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Monday, August 19

How Writing a Novel Is Like a Romance

By Janice Hardy, @Janice_Hardy

A writer’s love affair with the story is often a bumpy road—but worth the trip.

A good novel is a well-blended mix of questions and reveals, tease and reward, love and hate—especially during a first draft. If we’re lucky, that first spark results in a long and rewarding relationship, but we shouldn’t mourn if it fizzles out. Not all pairings are meant to be.

When a story works, it’s magical. It makes us feel invincible and capable of moving readers with our words and imagination.

When it doesn’t, it can crush our souls and leave us unwilling to ever try again.

But no matter how many times our storyteller’s heart is broken, we keep going back, because we believe in the power of story. We know that all it takes is the right story and the right time and all our dreams can come true.

Will it take work? Absolutely.

But it’s work well worth taking, and when we get it right, the rest of the heartbreak fades into memory.

Like every great love story…

It Starts with an Attraction


Something about the idea catches your eye and you’re drawn to it, wanting to know more. Maybe it’s a character, or a setting, or even the theme, but it gets to you and you can’t stop thinking about it. You might even dream about it. You don’t know much about it yet, but you need to know everything about it and explore every inch of it.

You might even get a little stalker-y (but in a good way). You want to know who these people are, what they’re doing, where they come from. You follow then around and spy on them until you understand more about them and if they’re worth getting to know.

(Here’s more on Should You Follow the Siren Song of a New Idea?)

You Dive in Without Knowing Where it’s Going


Plotter or pantster, you don’t know what the final story will be by the endeven if you plan it out meticulously, things still often change during the draft. Just because the idea looked good when you met doesn’t mean it has any depth. Details might change, characters won’t be who you thought they were, and some of them might even outright lie to you.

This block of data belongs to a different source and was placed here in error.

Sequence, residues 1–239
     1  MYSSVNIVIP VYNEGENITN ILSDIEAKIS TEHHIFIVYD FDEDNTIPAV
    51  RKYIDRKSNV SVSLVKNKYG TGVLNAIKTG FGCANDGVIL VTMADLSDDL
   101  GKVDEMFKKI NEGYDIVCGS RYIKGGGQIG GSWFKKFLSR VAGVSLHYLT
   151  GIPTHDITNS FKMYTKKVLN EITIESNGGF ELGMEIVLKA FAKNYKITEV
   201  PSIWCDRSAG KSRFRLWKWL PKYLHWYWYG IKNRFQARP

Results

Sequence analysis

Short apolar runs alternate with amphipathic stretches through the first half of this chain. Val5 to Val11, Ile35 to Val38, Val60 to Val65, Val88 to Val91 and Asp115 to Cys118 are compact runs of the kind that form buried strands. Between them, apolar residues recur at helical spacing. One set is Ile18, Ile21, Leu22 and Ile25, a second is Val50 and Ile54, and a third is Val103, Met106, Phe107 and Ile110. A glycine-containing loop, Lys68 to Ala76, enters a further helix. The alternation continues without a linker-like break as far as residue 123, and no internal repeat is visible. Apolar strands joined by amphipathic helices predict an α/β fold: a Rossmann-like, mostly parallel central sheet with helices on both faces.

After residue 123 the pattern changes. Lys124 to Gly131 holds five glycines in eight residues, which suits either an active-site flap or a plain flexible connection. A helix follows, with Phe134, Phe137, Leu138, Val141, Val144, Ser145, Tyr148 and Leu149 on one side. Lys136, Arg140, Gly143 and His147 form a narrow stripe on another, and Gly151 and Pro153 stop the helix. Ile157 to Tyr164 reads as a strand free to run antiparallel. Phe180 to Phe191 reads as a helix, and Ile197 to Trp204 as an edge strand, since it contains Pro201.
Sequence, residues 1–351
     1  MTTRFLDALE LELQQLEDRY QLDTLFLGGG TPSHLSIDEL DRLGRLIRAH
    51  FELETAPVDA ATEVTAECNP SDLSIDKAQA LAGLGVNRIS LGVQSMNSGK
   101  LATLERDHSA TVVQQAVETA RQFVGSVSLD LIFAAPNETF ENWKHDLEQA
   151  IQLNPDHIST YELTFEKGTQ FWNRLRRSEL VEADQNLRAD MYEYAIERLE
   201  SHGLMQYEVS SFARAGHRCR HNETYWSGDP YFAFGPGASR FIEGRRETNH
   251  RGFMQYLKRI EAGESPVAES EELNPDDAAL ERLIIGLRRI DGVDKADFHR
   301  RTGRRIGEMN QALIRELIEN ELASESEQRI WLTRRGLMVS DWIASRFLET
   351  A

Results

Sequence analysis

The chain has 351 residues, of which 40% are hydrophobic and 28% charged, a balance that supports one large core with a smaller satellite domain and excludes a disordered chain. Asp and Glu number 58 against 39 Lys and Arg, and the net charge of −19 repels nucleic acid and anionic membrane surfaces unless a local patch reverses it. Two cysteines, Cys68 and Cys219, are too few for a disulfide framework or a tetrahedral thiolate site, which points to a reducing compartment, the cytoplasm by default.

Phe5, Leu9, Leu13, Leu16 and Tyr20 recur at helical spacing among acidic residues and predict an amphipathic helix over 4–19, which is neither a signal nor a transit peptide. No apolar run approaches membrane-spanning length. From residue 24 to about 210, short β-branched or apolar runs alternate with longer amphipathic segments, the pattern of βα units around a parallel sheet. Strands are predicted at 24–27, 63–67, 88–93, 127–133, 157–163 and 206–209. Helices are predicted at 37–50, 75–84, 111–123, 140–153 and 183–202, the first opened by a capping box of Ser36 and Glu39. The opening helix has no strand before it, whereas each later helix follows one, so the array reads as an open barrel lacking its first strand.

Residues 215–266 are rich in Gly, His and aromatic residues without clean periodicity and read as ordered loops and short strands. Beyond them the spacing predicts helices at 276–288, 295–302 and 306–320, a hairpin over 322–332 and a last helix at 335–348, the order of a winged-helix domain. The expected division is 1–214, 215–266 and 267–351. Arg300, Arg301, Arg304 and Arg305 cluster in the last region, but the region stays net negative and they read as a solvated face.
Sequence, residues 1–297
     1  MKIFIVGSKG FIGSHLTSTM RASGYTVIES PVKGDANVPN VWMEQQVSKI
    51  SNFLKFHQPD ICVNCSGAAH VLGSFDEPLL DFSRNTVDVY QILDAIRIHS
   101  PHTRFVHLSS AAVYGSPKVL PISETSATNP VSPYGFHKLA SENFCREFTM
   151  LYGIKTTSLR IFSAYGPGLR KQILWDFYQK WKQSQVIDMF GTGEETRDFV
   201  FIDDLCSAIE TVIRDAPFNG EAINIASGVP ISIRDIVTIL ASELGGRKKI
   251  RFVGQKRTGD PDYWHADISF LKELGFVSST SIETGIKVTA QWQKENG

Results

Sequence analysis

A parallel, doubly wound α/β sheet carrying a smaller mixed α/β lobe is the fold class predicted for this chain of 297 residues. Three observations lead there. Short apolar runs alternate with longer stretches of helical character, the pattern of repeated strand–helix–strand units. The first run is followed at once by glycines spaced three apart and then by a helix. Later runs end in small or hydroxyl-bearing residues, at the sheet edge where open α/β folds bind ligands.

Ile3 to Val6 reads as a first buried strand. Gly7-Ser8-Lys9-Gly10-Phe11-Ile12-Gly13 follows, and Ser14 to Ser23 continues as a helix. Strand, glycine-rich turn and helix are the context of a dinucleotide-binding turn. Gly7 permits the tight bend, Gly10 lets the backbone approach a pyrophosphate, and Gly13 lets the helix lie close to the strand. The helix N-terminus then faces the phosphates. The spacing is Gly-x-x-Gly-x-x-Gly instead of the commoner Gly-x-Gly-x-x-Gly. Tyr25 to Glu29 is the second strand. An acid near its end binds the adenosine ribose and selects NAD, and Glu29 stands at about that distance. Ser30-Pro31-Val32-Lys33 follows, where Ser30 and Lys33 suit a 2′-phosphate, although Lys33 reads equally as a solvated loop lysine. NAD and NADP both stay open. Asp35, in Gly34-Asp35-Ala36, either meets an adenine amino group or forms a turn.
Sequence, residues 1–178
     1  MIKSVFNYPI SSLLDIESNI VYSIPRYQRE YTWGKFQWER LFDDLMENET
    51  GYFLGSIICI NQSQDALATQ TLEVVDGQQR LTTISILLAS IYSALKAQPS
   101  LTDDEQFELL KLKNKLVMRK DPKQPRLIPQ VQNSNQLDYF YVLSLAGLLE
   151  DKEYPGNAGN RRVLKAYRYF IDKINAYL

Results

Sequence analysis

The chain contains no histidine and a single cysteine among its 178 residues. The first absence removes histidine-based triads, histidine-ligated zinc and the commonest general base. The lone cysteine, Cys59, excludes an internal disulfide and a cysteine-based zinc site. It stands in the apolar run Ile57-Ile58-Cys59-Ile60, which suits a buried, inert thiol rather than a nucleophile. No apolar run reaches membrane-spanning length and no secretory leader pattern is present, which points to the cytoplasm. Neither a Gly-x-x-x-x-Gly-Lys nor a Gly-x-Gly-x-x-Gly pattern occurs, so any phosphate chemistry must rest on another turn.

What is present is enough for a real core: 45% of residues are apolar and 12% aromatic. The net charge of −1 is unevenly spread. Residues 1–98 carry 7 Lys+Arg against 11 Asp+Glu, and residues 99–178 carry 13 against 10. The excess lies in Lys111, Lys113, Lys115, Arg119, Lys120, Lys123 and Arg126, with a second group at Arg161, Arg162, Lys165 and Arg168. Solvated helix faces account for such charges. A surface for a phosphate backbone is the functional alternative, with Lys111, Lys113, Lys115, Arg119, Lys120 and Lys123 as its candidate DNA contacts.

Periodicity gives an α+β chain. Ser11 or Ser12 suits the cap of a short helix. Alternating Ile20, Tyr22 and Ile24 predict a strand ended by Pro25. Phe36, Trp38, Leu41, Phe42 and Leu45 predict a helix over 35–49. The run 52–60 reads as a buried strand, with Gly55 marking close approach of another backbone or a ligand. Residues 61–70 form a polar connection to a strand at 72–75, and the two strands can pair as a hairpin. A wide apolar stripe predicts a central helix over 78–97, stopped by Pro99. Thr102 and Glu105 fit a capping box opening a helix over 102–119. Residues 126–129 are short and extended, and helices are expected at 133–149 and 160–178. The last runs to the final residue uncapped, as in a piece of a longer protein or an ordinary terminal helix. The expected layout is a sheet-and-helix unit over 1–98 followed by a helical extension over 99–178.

But none of that matters, because you’re excited about the potential and where this idea could go. You’re willing to chase it down and risk heartache if it doesn’t work, because you love it so much. It’s worth the risk to find out if this idea has what it takes to make you happy.

(Here’s more on Storming the Brain: Coming Up With Ideas)

It’s Has a “Getting to Know You” Phase


These early stages are so much fun. You’re spending time with the characters and really getting to know them. You learn fascinating secrets and histories, and might even wander the streets of a brand-new world. Every time you turn around you’re discovering something new and amazing. Everything is fresh and new and all you can see are the possibilities, and the more you learn, the more excited you get about where this could go.

Even the problems you encounter are exciting, and instead of seeing obstacles you can’t overcome, you see opportunities to build a stronger relationship. The challenges will make the story better, not tear it apart. The flaws are what makes your story unique.

(Here’s more on Birth of a Book: The Development Stage: Figuring Out the Plot)

It Loses its Shine and You Wonder if You Made a Mistake


After a while, things aren’t so easy anymore. Problems start cropping up and it takes more and more work to fix them. Everything that was so bright and shiny now looks dull and dingy. You start wondering if this was a good idea and if you’ve wasted months of your life on something that just won’t work.

Then you start noticing other ideas. They’re oh-so attractive and you feel that wonderful spark of attraction. You might even consider dumping your story for a new idea, but you’re not ready to break things off just yet.

(Here’s more on The Perils of Not Knowing What Happens Next in Your Story)

It Makes You Worry Things Might Not Work Out


As the fear grows, you really think this is the end. You won’t be able to solve the multitude of problems and you’re not even sure you want to. You seriously start looking at other ideas, and might even take the first step toward trying one out, just to see how it feels.

Sometimes that’s all it is—a harmless flirtation and fantasizing. You take a short break and gain some perspective, and you realize you really do want to work things out. This is the story you’re committed to, and you want to see it through to the end.